It’s a multi-tasking master!
Do a little research on magnesium and it’s hard not to be impressed. It’s involved in more than 600 enzymatic reactions in the body. Few dietary elements have more influence over how our bodies operate. To name a few of its responsibilities, magnesium:
- Plays a key role in energy production by activating ATP, the energy molecule that fuels our cells.
- Regulates transport of other minerals, helping our muscles and nerves function properly. That includes the heart muscle.
- Regulates blood pressure, cholesterol production, and blood glucose levels.
- Aids bone development and guards against bone loss.
- Helps maintain fluid levels in the body.
- Helps control stress response.
- Helps with healthy sleep by maintaining levels of GABA, a neurotransmitter that improves sleep and mood.
Sad to say, the World Health Organization reports that as much as 75% of the U.S. population does not meet the FDA’s recommended daily intake of 420 mg. Why? Part of the reason is poor nutrition intake and part can be attributed to lifestyle.
Factors that inhibit our magnesium levels:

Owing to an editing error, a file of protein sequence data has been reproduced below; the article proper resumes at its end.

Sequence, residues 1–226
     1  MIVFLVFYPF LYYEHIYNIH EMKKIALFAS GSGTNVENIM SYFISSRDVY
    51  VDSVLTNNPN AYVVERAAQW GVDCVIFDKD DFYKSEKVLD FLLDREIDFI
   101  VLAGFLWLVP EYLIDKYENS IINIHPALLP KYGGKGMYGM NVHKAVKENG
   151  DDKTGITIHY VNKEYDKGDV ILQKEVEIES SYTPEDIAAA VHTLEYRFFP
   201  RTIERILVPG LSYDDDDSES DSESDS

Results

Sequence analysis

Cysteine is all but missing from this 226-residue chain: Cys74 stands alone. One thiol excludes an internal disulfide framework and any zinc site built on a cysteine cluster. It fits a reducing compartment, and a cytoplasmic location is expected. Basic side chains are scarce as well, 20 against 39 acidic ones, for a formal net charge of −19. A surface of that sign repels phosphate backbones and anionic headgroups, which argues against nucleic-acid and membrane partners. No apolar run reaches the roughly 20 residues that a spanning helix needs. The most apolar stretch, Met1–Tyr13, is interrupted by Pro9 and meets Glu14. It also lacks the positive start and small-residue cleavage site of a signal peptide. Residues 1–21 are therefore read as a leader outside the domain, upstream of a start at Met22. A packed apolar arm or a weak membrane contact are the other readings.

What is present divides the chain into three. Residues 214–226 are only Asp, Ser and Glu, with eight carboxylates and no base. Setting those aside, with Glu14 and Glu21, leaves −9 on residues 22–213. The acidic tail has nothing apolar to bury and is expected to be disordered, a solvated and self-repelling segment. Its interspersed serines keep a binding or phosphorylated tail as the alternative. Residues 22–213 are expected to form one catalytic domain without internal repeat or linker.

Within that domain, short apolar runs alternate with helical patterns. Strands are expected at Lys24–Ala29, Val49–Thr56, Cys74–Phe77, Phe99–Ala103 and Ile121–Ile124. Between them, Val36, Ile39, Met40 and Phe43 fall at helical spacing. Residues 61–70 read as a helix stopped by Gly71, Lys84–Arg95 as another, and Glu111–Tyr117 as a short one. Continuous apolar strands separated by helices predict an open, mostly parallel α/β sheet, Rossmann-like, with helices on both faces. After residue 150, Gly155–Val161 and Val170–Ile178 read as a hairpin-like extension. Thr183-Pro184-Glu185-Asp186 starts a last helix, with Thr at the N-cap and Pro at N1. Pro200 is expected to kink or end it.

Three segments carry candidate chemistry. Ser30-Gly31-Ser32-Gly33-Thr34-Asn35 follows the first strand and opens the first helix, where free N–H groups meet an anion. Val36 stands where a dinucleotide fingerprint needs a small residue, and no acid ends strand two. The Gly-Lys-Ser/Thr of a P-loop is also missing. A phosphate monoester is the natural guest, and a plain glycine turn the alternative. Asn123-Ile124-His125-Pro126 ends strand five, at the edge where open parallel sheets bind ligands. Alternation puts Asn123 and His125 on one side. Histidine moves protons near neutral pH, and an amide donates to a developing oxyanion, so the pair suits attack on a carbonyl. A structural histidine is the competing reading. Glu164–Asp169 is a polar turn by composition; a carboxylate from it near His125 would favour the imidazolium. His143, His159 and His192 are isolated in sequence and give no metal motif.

- Stress – under conditions of mental or physical stress, magnesium is released from blood cells and goes into blood plasma. From there, it’s excreted into urine.
- Caffeine – can affect the intestinal lining, making it less able to absorb magnesium.
- Alcohol – doubles the excretion rate of magnesium in both acute (one time) and chronic alcohol consumption.
- Diabetes mellitus – both type 1 and type 2 diabetics have an increased rate of magnesium excretion due to general kidney dysfunction.
- Gastrointestinal problems – Crohn’s disease, irritable bowel disease, etc., increase magnesium secretion.
- Proton Pump Inhibitors – can inhibit magnesium absorption.
- Diuretic medications – increase magnesium excretion.
How do you know if you’re deficient?
Unfortunately, blood tests are a poor marker of the body’s magnesium levels. Only 1% of our magnesium is in the blood stream; most of it is in tissue. However, there are some general markers of low magnesium:
- Muscle cramps or spasms
- Loss of appetite
- Poor memory
Severe magnesium deficiency might present as:
- Heart rhythm changes
- Tingling or numbness
- Personality changes
How should we increase our magnesium?
Choose foods high in magnesium, such as dark green leafy veggies, dark chocolate, pumpkin seeds, almonds, black beans or avocado. You also can supplement with magnesium citrate (if you’re more prone to constipation), magnesium glycinate (if you’re more prone to loose stool), or magnesium threonate (which crosses the blood-brain barrier and may be more helpful for migraines or mood impairments). And the good news most of the sources are inexpensive!
More on magnesium deficiency
Magnesium restores energy
Magnesium helps sleep